View Full Version : The Audience Is Listening

04-16-2011, 03:04 PM
There is always great intrigue in Barack Obama’s speeches. Not much heft, mind you, but substance is not the point. In this Chicago-style presidency, what is said is often less telling than who is invited to hear what is said. That’s where you find out who is in and who is out.

Count Rep. Paul Ryan among the outs. The GOP budget guru got a coveted invitation to hear the president outline his new vision for escaping the economic catastrophe wrought by his current vision. The speech was much anticipated, because it was Ryan’s own ambitious plan to slash trillions in spending that roused Obama from his customary crouch in the tall grass.

Ryan was reeled in by the suggestion that the invitation was an olive branch, a White House concession that he had grappled responsibly with a monstrous problem and that a gracious, cooperative presidential response was in order. But it was a setup. The Chicago mob strategically seated Ryan a few paces from the lectern, whence the don went Al Capone on him. The congressman was made into a prop, Exhibit A in a presidential tirade that mocked his plan and his party as scourges of the elderly, the destitute, and the chronically ill.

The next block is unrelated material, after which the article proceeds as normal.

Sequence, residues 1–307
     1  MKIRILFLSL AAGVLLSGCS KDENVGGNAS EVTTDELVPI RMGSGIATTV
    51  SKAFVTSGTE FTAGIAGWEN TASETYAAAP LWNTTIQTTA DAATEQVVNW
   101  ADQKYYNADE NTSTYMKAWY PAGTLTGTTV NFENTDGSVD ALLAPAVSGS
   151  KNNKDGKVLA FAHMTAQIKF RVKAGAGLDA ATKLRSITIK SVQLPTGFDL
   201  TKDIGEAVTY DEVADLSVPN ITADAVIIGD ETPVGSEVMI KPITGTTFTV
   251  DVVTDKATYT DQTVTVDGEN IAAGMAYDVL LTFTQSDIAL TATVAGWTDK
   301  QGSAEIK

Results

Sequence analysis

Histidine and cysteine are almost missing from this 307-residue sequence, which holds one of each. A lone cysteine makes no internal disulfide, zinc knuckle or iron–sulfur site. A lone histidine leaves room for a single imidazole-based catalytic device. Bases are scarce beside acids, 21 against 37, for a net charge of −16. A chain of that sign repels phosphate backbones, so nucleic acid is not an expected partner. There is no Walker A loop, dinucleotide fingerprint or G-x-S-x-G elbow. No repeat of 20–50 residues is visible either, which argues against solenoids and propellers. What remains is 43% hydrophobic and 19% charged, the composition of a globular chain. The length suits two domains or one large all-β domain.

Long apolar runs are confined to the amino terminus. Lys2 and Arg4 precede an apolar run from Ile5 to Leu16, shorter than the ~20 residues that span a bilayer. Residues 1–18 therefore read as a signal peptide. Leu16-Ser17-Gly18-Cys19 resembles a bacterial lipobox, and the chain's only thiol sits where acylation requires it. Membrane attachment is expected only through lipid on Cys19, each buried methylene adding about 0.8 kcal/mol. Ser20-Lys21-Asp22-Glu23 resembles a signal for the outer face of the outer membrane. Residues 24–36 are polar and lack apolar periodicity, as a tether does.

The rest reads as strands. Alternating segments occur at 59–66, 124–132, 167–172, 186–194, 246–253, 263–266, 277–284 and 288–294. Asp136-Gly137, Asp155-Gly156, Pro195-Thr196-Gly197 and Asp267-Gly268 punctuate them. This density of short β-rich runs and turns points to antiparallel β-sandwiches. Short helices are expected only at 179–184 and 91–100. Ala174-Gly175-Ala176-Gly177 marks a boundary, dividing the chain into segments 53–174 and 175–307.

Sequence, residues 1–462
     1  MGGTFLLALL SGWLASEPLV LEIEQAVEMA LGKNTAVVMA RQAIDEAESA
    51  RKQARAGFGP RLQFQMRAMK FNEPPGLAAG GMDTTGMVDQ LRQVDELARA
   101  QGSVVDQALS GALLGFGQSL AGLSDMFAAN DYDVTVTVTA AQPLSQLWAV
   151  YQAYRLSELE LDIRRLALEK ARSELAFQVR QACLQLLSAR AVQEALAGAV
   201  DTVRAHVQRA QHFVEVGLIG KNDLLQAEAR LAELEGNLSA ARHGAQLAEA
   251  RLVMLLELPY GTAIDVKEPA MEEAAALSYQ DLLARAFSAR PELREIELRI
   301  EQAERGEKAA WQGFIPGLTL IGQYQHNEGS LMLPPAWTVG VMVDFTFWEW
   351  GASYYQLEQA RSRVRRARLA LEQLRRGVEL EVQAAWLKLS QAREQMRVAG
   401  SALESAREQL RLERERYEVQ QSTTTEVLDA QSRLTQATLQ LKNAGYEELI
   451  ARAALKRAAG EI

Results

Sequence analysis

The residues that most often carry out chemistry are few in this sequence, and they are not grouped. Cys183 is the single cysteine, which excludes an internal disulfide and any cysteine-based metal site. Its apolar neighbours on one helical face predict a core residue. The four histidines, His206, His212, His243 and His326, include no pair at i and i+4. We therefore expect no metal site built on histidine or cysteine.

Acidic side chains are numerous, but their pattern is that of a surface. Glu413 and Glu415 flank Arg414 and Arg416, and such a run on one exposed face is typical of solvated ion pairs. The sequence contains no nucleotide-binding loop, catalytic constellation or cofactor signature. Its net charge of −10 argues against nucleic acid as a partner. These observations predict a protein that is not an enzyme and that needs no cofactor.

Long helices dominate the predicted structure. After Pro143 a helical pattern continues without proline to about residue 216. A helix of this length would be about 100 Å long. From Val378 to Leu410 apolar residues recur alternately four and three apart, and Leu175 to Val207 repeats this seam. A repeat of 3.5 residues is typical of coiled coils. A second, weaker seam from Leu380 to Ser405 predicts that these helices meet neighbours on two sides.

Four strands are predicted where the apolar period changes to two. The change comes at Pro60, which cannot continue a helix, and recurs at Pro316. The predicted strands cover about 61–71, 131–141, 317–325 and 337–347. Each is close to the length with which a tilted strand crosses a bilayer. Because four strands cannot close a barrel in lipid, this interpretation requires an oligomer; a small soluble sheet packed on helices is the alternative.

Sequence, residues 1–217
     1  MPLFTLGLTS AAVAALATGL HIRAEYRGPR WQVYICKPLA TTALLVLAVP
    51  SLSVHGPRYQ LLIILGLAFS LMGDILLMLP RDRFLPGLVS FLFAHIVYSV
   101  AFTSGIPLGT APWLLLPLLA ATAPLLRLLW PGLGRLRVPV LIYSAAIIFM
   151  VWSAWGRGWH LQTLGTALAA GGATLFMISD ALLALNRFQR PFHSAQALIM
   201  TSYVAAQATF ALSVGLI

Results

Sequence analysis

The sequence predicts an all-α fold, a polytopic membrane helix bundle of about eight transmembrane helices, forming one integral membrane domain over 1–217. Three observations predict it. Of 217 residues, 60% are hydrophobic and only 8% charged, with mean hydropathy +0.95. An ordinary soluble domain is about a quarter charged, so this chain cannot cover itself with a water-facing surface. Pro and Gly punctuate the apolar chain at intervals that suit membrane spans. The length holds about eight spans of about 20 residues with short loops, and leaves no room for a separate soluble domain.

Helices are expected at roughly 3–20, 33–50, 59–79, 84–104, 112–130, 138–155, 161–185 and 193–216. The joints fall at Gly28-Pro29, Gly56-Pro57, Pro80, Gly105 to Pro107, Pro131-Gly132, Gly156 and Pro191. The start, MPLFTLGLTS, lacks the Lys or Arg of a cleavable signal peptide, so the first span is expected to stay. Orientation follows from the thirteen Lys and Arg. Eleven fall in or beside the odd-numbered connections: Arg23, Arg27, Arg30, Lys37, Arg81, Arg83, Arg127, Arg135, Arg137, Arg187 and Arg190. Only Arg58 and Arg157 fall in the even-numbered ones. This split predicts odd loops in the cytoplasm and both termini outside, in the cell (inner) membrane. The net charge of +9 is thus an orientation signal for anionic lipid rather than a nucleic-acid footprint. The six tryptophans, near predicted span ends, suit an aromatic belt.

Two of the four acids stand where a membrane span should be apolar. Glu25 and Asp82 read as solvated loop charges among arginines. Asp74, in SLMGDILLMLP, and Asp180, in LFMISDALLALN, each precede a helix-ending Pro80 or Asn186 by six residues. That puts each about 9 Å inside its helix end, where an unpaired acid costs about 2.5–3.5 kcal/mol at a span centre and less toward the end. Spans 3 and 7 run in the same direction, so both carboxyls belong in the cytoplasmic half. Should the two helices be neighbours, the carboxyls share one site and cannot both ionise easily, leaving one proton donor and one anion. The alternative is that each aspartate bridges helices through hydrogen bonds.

It wasn’t that way in Cairo in June 2009. That was when al-Azhar University — the font of Sunni theology and training ground for the virulently anti-American clerics who green-light jihadist terror — sponsored his eagerly awaited oration on U.S. relations with the Muslim world. As usual, the speech was specious: a whitewash of the legacy of Islamic savagery, the expurgation of violent injunctions from Islamic scripture, historical ignorance of the Jewish claim to Israel, and even the adoption of “resistance” as the euphemism for Palestinian terrorism — a touch that must have brought a smile to the faces of Hamas and the president’s pal Rashid Khalidi, the former PLO mouthpiece turned Columbia professor.